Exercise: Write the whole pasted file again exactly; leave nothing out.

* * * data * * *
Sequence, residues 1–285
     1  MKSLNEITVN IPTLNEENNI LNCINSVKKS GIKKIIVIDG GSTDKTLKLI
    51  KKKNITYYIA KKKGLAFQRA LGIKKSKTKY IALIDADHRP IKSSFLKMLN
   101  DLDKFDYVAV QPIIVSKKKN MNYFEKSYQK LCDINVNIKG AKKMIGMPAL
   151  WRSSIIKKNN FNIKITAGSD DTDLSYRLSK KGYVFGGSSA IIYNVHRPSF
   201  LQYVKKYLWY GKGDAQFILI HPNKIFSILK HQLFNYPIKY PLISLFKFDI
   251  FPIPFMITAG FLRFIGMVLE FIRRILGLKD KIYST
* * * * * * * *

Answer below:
Sequence, residues 1–285
     1  MKSLNEITVN IPTLNEENNI LNCINSVKKS GIKKIIVIDG GSTDKTLKLI
    51  KKKNITYYIA KKKGLAFQRA LGIKKSKTKY IALIDADHRP IKSSFLKMLN
   101  DLDKFDYVAV QPIIVSKKKN MNYFEKSYQK LCDINVNIKG AKKMIGMPAL
   151  WRSSIIKKNN FNIKITAGSD DTDLSYRLSK KGYVFGGSSA IIYNVHRPSF
   201  LQYVKKYLWY GKGDAQFILI HPNKIFSILK HQLFNYPIKY PLISLFKFDI
   251  FPIPFMITAG FLRFIGMVLE FIRRILGLKD KIYST